/Dogecoin vs. Bitcoin: Whats the difference? – Fox Business

Dogecoin vs. Bitcoin: Whats the difference? – Fox Business


Dogecoin and Bitcoin are cryptocurrencies that have made headlines in recent weeks because of their respective surging values.

Bitcoin is the more traditional of the two and the world’s most popular cryptocurrency; the digital currency soared to a new record-high value of $63,200 last week before falling about 14% on Sunday.

Dogecoin started as a joke in 2013 and is based on a popular meme, but last week, investors saw its value skyrocket 500%, according to Friday data from CoinMarketCap.com.

Bitcoin’s value sat at $55,855 as of Tuesday morning while Dogecoin’s was listed at about $0.38 — compared to about $0.009 in January. 

DOGECOIN: WHAT’S BEHIND THE SURGE?

Dogeoin’s value was still up about 390% over the past week as of Tuesday morning.

In this photo illustration visual representations of digital cryptocurrencies, Dogecoin and Bitcoin, are displayed on January 29, 2021 in Katwijk, Netherlands. (Photo by Yuriko Nakao/Getty Images)

Bitcoin’s recent gains were fueled by the historic stock market debut of cryptocurrency exchange operator Coinbase, which launched a direct listing on the Nasdaq on April 14. Shares of Coinbase, which trade under the ticker COIN, opened at $381 apiece, giving the company a valuation of about $99.5 billion. 

COINBASE CRUSHES NASDAQ DEBUT

The popular cryptocurrency’s surge also came as Tesla, square, Mastercard, BNY Mellon and Twitter expressed increasing interest in digital currencies. Venmo announced Tuesday that it would be allowing users to buy, hold and sell crypto, and WeWork announced that it would be accepting crypto payments.

A number of celebrities including Tesla’s Elon Musk, Lindsey Lohan, rockstar Gene Simmons, rapper Logic and actress Maisie Williams have signaled interest in Bitcoin.

PETITION CALLS FOR AMAZON TO ACCEPT DOGECOIN AFTER ITS PRICE SURGE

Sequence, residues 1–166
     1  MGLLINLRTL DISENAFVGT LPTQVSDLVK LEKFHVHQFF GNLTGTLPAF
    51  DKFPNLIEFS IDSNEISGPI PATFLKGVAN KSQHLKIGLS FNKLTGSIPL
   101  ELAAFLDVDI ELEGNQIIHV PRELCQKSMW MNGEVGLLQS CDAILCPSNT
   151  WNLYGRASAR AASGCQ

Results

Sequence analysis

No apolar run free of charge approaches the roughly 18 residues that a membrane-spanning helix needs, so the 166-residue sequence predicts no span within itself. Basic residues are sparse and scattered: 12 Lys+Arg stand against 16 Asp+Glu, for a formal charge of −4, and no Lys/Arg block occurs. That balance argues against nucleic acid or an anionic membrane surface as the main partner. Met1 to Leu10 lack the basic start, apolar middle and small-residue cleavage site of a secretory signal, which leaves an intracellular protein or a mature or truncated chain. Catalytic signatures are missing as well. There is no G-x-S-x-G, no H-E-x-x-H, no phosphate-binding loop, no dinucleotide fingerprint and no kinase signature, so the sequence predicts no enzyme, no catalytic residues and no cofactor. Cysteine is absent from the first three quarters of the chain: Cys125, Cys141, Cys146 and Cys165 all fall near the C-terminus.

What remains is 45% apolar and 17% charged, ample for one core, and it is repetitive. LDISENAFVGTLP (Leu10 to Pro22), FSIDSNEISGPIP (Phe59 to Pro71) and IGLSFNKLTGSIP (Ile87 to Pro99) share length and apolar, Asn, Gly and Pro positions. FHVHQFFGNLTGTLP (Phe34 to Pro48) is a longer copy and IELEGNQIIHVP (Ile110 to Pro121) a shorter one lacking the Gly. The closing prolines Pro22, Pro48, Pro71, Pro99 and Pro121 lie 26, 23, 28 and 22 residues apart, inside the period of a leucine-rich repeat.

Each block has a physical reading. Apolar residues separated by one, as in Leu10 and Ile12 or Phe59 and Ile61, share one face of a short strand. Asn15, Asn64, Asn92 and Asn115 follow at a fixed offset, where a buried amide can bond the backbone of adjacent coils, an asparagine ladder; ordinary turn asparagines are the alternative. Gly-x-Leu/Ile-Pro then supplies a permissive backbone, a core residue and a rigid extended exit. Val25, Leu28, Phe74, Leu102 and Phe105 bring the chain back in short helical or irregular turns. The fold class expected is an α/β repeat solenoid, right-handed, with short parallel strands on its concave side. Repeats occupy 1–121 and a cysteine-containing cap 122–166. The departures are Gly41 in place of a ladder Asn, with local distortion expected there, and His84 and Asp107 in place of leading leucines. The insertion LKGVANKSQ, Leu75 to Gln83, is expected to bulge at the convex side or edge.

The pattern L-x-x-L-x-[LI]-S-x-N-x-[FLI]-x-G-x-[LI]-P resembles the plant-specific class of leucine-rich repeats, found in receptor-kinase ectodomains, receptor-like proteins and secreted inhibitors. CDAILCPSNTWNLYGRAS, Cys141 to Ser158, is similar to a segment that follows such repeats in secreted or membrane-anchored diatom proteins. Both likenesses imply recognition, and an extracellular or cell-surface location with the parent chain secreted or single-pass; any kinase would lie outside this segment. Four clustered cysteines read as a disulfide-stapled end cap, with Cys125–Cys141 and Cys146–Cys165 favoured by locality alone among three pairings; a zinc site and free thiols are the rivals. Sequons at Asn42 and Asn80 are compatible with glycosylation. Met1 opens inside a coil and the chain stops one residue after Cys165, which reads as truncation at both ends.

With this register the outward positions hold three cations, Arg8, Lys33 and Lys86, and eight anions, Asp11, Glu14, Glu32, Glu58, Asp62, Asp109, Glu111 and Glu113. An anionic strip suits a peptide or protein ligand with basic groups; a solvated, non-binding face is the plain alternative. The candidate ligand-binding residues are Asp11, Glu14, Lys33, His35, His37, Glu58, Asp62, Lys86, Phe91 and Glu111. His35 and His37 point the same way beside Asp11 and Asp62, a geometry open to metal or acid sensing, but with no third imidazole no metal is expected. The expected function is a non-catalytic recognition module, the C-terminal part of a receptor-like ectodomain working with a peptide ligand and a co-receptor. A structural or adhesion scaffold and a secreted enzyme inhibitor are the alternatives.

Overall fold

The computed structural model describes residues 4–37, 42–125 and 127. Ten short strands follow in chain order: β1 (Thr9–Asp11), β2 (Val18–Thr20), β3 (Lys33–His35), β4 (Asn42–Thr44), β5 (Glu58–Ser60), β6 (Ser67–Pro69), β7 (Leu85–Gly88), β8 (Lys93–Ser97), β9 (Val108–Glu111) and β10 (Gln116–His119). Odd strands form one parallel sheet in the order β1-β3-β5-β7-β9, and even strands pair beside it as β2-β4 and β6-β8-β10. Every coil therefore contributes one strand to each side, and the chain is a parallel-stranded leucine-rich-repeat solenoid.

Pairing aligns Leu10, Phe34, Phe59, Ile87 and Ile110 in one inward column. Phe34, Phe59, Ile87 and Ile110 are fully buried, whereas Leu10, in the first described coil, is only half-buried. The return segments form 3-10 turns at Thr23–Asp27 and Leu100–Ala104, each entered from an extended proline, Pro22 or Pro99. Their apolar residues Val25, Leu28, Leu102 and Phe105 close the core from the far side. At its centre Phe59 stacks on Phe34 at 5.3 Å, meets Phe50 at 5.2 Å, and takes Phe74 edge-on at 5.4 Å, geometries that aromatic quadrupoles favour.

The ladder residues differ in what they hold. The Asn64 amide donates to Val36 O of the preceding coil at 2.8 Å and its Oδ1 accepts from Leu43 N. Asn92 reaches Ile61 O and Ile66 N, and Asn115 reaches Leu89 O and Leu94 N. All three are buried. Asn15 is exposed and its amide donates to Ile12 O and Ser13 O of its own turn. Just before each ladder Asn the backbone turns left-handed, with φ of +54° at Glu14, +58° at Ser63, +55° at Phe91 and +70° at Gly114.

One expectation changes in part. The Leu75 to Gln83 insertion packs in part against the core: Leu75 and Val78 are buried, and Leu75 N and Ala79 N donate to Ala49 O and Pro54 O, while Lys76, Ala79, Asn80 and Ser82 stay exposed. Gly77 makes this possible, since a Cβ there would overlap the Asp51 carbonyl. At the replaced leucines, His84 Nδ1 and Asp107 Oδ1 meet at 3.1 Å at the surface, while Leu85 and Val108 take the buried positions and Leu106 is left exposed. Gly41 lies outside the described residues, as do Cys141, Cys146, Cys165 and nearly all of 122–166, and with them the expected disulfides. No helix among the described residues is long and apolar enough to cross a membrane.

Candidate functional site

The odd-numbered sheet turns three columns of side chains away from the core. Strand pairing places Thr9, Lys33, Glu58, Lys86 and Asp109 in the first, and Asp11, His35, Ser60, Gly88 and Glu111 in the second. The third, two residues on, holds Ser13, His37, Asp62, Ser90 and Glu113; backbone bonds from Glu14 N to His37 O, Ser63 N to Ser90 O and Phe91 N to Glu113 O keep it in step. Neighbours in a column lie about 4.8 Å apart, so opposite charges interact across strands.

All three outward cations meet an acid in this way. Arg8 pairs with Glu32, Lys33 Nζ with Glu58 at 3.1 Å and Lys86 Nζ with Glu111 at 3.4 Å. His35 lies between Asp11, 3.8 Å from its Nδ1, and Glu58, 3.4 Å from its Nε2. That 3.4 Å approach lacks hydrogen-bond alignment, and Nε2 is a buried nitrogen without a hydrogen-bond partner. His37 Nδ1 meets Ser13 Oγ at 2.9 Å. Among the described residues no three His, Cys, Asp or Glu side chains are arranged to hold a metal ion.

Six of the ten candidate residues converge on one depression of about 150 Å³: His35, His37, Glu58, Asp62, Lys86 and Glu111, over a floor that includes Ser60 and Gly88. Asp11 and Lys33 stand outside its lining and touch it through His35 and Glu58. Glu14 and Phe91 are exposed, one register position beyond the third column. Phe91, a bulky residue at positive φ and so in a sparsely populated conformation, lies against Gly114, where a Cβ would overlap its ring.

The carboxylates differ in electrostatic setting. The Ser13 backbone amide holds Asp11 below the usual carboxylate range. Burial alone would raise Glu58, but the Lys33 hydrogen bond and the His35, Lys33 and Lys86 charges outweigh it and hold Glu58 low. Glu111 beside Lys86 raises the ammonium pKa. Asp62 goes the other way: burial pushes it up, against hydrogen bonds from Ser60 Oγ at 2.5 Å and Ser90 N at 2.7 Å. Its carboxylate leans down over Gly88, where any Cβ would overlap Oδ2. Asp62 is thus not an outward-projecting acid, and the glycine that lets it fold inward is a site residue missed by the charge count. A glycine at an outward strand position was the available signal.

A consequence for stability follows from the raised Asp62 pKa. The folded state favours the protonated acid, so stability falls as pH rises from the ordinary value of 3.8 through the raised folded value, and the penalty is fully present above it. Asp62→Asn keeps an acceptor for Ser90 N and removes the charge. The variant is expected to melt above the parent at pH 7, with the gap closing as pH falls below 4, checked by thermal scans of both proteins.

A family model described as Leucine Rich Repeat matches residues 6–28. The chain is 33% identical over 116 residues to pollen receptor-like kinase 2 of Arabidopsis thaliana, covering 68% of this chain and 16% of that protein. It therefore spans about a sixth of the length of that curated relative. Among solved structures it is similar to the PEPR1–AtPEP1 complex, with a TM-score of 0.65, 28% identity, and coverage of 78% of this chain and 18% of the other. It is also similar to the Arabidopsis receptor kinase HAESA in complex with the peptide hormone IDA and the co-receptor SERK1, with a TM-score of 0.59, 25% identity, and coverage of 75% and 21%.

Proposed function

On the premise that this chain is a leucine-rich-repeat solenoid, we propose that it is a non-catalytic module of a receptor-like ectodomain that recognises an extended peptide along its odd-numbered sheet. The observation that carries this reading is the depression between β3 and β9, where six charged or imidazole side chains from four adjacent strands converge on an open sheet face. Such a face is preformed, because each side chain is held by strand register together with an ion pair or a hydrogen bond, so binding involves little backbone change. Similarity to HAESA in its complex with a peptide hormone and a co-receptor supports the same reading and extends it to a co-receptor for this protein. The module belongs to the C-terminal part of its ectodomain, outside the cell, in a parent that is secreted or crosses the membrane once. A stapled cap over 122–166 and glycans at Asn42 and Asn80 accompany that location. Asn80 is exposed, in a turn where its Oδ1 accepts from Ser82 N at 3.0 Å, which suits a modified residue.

“The simple truth, that bitcoin is a countermeasure to inflation, has now successfully permeated significant portions of both retail and institutional investors,” Sergey Nazarov, co-founder of Chainlink, one of the largest projects in the blockchain industry, previously told FOX Business in a statement. 

He continued: “With no signal in sight that central banks have any plans to curtail fiat money printing, combined with increased government spending also on the horizon, there’s every reason to believe that Bitcoin could continue to break new milestones.”

 Jon Rumion, background left, talks with Michael Cargill at Central Texas Gun Works in Austin, Texas. (AP Photo/Eric Gay, File)

Dogecoin, on the other hand, has sparked the interest of some investors in recent months since several big-name celebrities, including Tesla CEO Elon Musk and rapper Snoop Dogg, brought it up on social media.

“Dogecoin will continue to trade up as internet celebrities, such as Elon Musk, tweet about it,” Adam Lowe, founder of tech company Arculus, previously told FOX Business in a statement.

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But celeb recognition was not the only reason behind the joke crypto’s recent surge. 

Similar to a trading frenzy that occurred in late January when a group of traders on the speculative investing Reddit forum WallStreetBets banded together to squeeze the Gamestop’s short-sellers and cause its share price to soar, users on a Reddit forum called SatoshiStreetBets helped prompt last week’s Dogecoin upswing.

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Charles Hoskinson, founder of cryptocurrencies Cardano and Ethereum, said in a video posted to Twitter last week that Musk’s efforts to bring attention to Dogecoin, as well as “market manipulation by clever whales,” has led Dogecoin to “become a haven for new entrance into the cryptocurrency space.”

“Let’s be very clear. This is a bubble,” he said. “The price of Doge is not sustainable. It’s going to collapse, and a massive amount of retail money is going to be lost very quickly. My belief is that after that bubble bursts, it will be a catalyst for regulators and lawmakers to get involved in our industry and hurt the industry. Not a good event.”

FOX Business’ Lucas Manfredi contributed to this report.

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